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World stocks up on European rescue deal for Greece

World stock markets rise after European leaders agree to Greek rescue deal By The Associated Press

BANGKOK (AP) ' World stock markets climbed again Friday, continuing to be buoyed by a European deal aimed at slashing Greece's massive debt and preventing the crisis from engulfing "too big to bailout" countries such as Italy.

Oil prices lingered above $93 per barrel and the dollar gained against the euro but slipped against the yen.

European shares were higher in early trading. Britain's FTSE 100 rose 0.1 percent to 5,720.79. Germany's DAX gained 0.9 percent to 6,394.05 and France's CAC-40 added 0.6 percent at 3,390.09.

But the euphoria began to wear off on Wall Street, which appeared headed for a lower opening. Dow Jones industrial futures fell 0.4 percent to 12,123 and S&P 500 futures were 0.4 percent lower at 1,278.10.

Asian stocks posted a second day of gains on the European news.

Japan's Nikkei 225 index jumped 1.4 percent to close at 9,050.47, its highest close since Sept. 1. Hong Kong's Hang Seng gained 1.7 percent to 20,01924 and South Korea's Kospi rose 0.4 percent to 1,929.48.

Australia's S&P/ASX 200 gained 0.1 percent to 4,353.30 and the Shanghai Composite Index added 1.6 percent to 2,473.41. Benchmarks in Singapore, Taiwan, Indonesia and Thailand were also higher.

After two years of unsuccessful attempts to address the continent's debt problems, European leaders unveiled a deal Thursday aimed at preventing the Greek government's inability to pay its debt from escalating into another financial crisis like the one that followed the collapse of Lehman Brothers in 2008.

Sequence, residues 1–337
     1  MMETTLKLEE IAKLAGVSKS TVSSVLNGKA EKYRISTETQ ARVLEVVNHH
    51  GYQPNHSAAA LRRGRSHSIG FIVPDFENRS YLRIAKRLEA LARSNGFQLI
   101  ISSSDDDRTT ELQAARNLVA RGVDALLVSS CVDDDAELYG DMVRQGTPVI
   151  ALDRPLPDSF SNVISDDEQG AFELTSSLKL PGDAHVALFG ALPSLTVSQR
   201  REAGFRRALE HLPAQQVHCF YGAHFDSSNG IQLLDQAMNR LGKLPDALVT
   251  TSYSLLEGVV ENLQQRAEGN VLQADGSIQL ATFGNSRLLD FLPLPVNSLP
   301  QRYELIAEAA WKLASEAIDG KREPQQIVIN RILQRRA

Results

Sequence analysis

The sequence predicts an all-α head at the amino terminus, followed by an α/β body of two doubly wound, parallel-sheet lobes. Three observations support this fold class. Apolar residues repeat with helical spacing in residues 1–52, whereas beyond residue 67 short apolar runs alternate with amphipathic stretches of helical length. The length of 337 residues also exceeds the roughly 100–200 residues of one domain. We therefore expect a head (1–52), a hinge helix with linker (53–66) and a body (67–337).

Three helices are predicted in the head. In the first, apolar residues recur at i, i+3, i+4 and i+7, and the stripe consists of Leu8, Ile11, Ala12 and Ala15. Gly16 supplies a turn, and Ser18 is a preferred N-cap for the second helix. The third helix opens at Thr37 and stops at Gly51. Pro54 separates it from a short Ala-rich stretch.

Banks are being asked to take 50 percent losses on the Greek bonds they hold. Europe will also strengthen a financial rescue fund to protect the region's banks that will also be used to insure some potential losses on the debt of weak eurozone economies like Italy, which is considered too big to bail out.

But some analysts cautioned that Europe was still at risk, since mapping out the rescue plan was simple, compared to the complex and costly task of implementing it.

"I think there is euphoria of Europe finally solving its problems. But the question is, how do you finance the financial stability fund? Who is supposed to pay for it? That is left blank," said Francis Lun, a Hong Kong-based analyst.

"For the moment, Greece will not go under. That is all we know. But the commercial banks will take a big hit," Lun said. "That will really kill them."

But renewed confidence in Europe helped fuel a surge on Wall Street that also boosted stocks in Asia, as did signs of stronger U.S. economic growth and corporate earnings.

Japanese steel makers Nippon Steel Corp. rose 3.4 percent and Kobe Steel Ltd. gained 4.7 percent. Heavy equipment maker Komatsu Ltd. jumped 5.6 percent.

South Korean industrial shares also rose. Steel giant POSCO gained 1.6 percent while Hyundai Heavy Industries, the country's leading shipbuilder, gained 0.7 percent.

Chinese property shares continued to climb on speculation that China might relax its inflation-fighting measures that have drained liquidity out of the financial markets. Hong Kong-listed Poly Real Estate Group added 4.4 percent and China Vanke Co. Ltd. jumped 7.3 percent.

The U.S. government reported that the American economy grew at a 2.5 percent annual rate from July through September on stronger consumer spending and business investment. That was nearly double the 1.3 percent growth in the previous quarter.

The Dow Jones industrial average soared 2.9 percent to 12,208.55 ' its largest jump since Aug. 11. The S&P 500 rose 3.7 percent to 1,284.59. The Nasdaq composite leaped up 3.3 percent to 2,738.63.

Benchmark crude for December delivery was down 79 cents at $93.20 a barrel in electronic trading on the New York Mercantile Exchange. The contract rose $3.76, or 4.2 percent, to settle at $93.96 in New York on Thursday.

Brent crude was down 33 cents at $111.75 a barrel on the ICE Futures Exchange in London.

In currencies, the euro softened to $1.4178 from $1.4216 late Thursday in New York. The dollar slipped to 75.82 yen from 75.94 yen. The greenback hit a new record low against the yen the previous day, sinking to 75.63 yen at one point.

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